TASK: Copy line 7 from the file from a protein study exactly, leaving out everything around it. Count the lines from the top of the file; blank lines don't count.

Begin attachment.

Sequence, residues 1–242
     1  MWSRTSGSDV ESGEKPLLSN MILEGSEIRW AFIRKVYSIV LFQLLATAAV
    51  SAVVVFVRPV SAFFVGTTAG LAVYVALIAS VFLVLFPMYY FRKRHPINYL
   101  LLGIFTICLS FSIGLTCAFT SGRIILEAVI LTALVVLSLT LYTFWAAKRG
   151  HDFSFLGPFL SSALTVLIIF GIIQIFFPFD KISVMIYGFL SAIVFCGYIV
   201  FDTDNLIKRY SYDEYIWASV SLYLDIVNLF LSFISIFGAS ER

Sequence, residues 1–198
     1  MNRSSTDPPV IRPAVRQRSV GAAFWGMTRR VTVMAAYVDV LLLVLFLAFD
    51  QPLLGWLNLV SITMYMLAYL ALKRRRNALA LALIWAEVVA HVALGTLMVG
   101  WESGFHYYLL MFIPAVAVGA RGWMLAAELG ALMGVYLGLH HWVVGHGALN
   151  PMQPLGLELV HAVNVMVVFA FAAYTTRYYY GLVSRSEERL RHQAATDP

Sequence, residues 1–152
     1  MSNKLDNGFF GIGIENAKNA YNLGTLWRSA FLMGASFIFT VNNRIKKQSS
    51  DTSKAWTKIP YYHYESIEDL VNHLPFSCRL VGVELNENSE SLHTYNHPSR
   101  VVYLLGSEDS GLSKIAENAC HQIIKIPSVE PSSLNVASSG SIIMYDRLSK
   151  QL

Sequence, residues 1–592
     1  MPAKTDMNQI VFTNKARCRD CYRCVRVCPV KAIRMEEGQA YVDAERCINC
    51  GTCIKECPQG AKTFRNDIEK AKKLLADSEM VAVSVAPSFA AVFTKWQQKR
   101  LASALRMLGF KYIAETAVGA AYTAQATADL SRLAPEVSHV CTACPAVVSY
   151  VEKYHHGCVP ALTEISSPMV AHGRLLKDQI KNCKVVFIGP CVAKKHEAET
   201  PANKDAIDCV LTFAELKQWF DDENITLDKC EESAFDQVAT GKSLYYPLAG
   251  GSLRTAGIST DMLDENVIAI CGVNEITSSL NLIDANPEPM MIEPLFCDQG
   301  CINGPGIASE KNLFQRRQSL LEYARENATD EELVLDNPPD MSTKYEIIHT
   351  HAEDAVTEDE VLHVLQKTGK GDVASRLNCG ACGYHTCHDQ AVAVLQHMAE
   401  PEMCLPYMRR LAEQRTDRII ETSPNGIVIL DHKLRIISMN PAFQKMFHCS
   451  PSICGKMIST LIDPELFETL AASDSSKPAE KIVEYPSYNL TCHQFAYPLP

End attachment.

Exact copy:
Sequence, residues 1–198